Posts etiquetados ‘North American Free Trade Agreement’


Sonora, the second largest state in Mexico, is sparsely populated. Mountainous and arid, the region is sunny almost year–round and has little rainfall. Nearly all of Mexico’s copper is produced here.

Did You Know?

Just offshore from Punta Chueca, Sonora, sprawls Isla Tiburón, Mexico’s largest island. Uninhabited by humans, it was made a nature reserve in 1963 by President López Mateos and has the largest diversity of plant and animal species in the Gulf of California. Tiburón is home to a large variety of bird species and reptiles, the desert big horn sheep, bura deer, and desert turtles.


Early History
Although architectural evidence suggests that Sonora had permanent settlements as far back as 1500 B.C., the largest known indigenous groups were the Yaquis and the Mayos, who flourished around 1300 A.D. and established agriculture communities. Both groups were territorial and aggressively defended their communities against nomadic tribes that wandered throughout the region. The Yaquis inhabited the eastern part of Sonora near Mar de Cortés, and the Mayos lived primarily in the southern part of the state and established an important cultural center in what is now the city of Guaymas.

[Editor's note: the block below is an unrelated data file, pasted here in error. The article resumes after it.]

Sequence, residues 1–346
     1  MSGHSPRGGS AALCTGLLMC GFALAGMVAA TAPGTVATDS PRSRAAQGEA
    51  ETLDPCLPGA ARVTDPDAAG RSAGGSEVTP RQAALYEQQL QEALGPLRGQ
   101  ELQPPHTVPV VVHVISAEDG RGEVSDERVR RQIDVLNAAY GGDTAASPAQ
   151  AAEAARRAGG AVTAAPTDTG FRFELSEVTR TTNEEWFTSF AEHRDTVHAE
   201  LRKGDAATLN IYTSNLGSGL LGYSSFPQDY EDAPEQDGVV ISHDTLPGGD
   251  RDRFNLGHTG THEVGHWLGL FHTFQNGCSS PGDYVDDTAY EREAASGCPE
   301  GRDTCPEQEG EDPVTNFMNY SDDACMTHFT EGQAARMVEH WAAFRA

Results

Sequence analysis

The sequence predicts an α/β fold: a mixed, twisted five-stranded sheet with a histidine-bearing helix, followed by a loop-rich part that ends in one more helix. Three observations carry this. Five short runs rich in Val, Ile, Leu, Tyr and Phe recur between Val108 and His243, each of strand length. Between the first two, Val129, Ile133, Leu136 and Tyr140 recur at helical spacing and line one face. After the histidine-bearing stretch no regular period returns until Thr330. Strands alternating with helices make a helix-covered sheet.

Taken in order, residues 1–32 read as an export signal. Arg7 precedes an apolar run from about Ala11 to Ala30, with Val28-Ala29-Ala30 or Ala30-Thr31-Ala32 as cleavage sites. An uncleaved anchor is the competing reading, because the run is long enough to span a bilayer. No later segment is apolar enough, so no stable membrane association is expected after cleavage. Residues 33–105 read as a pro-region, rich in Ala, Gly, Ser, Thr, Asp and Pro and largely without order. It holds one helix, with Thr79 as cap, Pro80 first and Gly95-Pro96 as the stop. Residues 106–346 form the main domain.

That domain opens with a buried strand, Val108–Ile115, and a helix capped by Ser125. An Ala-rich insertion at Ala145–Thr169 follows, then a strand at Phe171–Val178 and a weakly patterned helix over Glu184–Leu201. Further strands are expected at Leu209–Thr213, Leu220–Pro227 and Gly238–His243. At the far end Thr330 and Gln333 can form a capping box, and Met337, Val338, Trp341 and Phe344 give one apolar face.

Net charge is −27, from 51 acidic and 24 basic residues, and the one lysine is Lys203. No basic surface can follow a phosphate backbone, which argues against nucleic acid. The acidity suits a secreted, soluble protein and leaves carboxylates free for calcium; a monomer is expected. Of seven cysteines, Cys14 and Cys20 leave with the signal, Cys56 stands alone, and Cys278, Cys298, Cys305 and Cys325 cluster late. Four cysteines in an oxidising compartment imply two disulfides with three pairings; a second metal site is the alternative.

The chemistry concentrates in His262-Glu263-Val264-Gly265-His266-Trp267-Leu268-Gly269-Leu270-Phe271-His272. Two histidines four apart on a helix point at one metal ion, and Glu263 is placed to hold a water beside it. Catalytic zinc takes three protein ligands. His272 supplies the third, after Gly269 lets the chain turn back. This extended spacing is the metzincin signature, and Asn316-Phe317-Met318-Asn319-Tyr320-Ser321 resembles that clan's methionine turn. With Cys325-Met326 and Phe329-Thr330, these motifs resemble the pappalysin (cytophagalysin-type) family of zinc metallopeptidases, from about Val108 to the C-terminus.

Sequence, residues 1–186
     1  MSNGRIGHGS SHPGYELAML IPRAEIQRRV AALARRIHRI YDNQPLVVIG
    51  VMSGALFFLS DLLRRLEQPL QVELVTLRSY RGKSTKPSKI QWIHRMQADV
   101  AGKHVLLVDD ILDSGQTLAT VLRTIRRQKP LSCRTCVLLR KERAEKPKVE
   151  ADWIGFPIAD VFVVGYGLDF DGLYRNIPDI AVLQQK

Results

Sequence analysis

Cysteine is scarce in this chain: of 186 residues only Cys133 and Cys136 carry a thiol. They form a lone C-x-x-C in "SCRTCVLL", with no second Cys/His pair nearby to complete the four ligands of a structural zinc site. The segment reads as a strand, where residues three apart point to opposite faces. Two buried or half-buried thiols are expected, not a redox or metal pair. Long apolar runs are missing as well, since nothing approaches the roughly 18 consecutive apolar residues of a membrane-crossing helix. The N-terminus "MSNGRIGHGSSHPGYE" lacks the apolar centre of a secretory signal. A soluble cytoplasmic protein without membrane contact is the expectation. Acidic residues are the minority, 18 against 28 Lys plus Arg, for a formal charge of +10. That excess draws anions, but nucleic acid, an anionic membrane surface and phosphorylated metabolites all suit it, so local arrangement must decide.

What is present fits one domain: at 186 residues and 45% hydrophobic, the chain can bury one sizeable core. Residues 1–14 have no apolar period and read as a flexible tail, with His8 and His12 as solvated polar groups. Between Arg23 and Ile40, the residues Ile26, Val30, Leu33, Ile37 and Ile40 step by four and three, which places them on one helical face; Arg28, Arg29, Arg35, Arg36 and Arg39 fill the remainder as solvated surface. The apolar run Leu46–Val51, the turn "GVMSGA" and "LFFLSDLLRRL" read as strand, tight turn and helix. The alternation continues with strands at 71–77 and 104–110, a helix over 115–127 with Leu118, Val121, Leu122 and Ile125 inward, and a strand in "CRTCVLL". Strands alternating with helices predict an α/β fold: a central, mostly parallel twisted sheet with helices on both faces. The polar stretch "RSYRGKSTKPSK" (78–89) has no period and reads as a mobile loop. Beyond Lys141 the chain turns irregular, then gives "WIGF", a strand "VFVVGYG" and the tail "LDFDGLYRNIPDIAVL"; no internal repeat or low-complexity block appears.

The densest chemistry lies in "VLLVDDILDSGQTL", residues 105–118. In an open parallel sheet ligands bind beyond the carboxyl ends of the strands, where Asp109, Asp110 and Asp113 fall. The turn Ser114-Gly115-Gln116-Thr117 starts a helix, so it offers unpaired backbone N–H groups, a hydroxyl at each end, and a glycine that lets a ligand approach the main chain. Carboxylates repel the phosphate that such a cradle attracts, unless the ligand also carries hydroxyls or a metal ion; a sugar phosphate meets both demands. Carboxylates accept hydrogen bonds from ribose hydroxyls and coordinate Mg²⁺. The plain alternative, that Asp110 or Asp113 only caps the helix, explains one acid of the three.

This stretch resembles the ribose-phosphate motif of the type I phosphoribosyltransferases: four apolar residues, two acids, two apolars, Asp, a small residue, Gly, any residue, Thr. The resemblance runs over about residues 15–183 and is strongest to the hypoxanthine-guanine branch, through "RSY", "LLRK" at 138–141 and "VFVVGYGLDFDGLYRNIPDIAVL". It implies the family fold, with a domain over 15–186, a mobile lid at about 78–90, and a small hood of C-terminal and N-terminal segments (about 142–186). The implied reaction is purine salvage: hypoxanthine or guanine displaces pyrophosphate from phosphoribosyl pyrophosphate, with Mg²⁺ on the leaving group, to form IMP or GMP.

Middle History
In 1531, Spanish conquistador Nuño Beltrán de Guzmán founded the city of San Miguel de Culiacán in the region that would eventually become Sinaloa and Sonora. Using the city as a central base, the Spanish launched excursions throughout the area to locate mineral deposits and establish new colonies.